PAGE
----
The expansion in the variety of food and drink retail channels will fuel the opportunity for personalised individual consumer behavior.
Looking ahead to 2018, Mintel’s Global Food and Drink Analyst Jenny Zegler discusses the major trends predicted to play out in food and drink markets around the world, beginning with the trends that will gain wider traction in the months ahead to emerging trends that are influential, but just on the fringe in many regions.
In our new post-truth reality, consumers require complete and total transparency from food and drink companies.
Widespread distrust places pressure on manufacturers to offer thorough and honest disclosures about how, where, when and by whom food and drink is grown, harvested, made and/or sold. The need for reassurance about the safety and trustworthiness of food and drink has led to increased use of natural as well as ethical and environmental claims in global food and drink launches. In addition to more specific product details, the next wave of clean label will challenge manufacturers and retailers to democratise transparency and traceability so that products are accessible to all consumers regardless of household income.
As more consumers find modern life to be hectic and stressful, flexible and balanced diets will become integral elements of self-care routines.
The frantic pace of modern life, constant connectivity, pervasive distrust and contentious tones in politics and the media have caused many consumers to look for ways to escape negativity in their lives. Many people who feel overwhelmed are focusing on “self-care,” or prioritising time and efforts dedicated to themselves. Looking ahead, individual definitions of self-care and balance will reinforce the need for a variety of formats, formulations and portion sizes of food and drink that present consumers with positive solutions — and treats — that can be incorporated into their customised and flexible definitions of health and wellness. Going forward, more consumers will be looking for ingredients, products and combinations of food and drink that provide nutrition, physical or emotional benefits that advance their priorities for self-care.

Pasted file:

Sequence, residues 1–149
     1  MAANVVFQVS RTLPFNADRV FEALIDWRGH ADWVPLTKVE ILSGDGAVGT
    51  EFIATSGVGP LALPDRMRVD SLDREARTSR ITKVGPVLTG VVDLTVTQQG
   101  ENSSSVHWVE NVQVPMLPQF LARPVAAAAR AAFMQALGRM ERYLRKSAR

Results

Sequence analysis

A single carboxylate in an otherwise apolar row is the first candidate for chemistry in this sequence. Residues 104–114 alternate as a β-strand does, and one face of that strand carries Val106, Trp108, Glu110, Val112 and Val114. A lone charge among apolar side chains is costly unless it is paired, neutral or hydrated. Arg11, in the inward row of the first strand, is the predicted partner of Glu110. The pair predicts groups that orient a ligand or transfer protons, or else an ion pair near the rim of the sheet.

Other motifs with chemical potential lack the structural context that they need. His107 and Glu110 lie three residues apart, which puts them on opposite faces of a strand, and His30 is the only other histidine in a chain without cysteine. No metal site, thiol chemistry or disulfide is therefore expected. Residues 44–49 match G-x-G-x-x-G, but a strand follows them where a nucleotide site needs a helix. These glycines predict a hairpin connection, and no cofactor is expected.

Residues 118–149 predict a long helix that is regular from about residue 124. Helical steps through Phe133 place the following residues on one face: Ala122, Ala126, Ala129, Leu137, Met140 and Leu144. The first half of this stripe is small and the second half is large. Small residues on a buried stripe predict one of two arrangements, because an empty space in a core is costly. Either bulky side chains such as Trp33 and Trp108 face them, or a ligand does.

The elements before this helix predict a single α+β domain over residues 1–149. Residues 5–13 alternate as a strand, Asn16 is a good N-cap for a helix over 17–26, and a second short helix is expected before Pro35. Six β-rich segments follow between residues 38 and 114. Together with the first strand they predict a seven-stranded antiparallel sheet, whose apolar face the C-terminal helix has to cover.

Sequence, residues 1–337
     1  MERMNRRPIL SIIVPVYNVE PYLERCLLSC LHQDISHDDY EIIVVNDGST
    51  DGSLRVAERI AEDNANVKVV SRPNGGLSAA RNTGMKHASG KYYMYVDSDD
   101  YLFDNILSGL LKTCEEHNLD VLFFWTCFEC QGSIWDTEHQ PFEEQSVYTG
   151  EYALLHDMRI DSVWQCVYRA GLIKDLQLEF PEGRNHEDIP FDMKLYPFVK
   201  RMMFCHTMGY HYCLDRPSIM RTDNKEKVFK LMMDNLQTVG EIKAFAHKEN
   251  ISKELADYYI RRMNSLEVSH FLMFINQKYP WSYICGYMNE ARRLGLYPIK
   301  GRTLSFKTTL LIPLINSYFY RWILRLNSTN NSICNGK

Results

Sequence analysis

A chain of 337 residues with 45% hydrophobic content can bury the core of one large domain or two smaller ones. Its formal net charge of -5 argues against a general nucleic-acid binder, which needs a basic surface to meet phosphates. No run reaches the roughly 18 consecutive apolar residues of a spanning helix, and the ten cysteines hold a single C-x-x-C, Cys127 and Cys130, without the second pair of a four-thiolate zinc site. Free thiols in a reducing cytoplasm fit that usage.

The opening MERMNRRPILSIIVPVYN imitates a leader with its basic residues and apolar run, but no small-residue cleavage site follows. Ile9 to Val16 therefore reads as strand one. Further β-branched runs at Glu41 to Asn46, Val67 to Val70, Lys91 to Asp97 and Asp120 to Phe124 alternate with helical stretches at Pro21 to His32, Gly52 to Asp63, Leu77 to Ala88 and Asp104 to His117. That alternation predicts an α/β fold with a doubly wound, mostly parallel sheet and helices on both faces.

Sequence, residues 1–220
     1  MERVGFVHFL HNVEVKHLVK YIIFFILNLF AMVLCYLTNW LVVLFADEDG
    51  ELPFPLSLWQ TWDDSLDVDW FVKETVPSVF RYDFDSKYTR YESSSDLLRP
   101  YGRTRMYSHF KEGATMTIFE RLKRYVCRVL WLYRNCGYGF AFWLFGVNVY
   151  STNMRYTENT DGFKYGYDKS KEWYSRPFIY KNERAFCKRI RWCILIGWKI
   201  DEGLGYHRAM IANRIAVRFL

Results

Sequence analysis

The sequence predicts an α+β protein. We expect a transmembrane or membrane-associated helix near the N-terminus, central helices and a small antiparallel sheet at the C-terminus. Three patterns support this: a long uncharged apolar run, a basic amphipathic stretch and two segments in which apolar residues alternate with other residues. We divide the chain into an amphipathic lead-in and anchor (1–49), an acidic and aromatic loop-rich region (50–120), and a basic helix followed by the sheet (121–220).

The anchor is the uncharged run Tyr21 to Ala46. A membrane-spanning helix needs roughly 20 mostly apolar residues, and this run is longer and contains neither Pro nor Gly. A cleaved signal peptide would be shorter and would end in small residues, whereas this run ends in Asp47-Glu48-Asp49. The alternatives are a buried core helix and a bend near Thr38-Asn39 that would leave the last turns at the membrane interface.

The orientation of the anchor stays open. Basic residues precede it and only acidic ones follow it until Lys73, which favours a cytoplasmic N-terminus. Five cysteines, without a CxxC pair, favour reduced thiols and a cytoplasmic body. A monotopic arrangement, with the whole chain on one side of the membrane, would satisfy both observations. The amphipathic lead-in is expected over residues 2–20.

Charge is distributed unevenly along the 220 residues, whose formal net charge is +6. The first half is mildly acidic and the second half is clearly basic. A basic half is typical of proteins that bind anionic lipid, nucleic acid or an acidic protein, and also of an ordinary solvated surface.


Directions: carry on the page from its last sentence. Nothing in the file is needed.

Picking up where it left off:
Texture is the latest tool to engage the senses and deliver share-worthy experiences.
In 2018, the sound, feel and satisfaction that texture provides will become more important for food and drink companies and consumers alike. Texture is the next facet of formulation that can be leveraged to provide consumers with interactive — and documentation-worthy — experiences.The quest for experiences will provide opportunities for multi-sensory food and drink that uses unexpected texture to provide consumers, especially the teens and young adults of the iGeneration, with tangible connections to the real world, as well as moments worth sharing either in-person or online.
A new era in personalisation is dawning due to the expansion of online and mobile food shopping.
As technology helps to make shopping as effortless as possible, an era of targeted promotions and products is emerging. Motivated by the potential to save time and ideally money, consumers are sampling a variety of channels and technologies when shopping for food and drink, including home delivery, subscription services and automatic replenishment. Companies and retailers can leverage technology to establish new levels of efficiency, such as customised recommendations, cross-category pairings and resourceful solutions that save consumers time, effort and energy. Opportunities exist for companies to tempt consumers by creating products, suggesting combinations of goods and other options across consumer categories that make shopping more efficient and affordable for customers.
Technology is being used to engineer solutions for our stretched global food supply.
A technological revolution is playing out in manufacturing as some forward-looking companies are developing solutions to replace traditional farms and factories with scientifically engineered ingredients and finished products. In 2018, technology will begin to disrupt the traditional food chain as enterprising manufacturers aim to replace farms and factories with laboratories. While lab, cultured or synthetic food and drink is only just emerging, technology could eventually be used to design food and drink that is inherently more nutritious, which could extend the consumer audience for scientifically engineered food and drink beyond environmentally conscious shoppers to reach consumers who are concerned about ingredient consistency, efficacy and purity.
Jenny Zegler, Global Food and Drink Analyst at Mintel, said, “In 2018, Mintel foresees opportunities for manufacturers and retailers to help consumers regain trust in food and drink and to relieve stress through balanced diets as well as memorable eating and drinking experiences. There also is an exciting new chapter dawning in which technology will help brands and retailers forge more personalised connections with shoppers, while enterprising companies are using scientific engineering to create an exciting new generation of sustainable food and drink.”
The views expressed in this column are the author's own and do not necessarily reflect this publication's view, and this article is not edited by QSRMedia UK. The author was not remunerated for this article.
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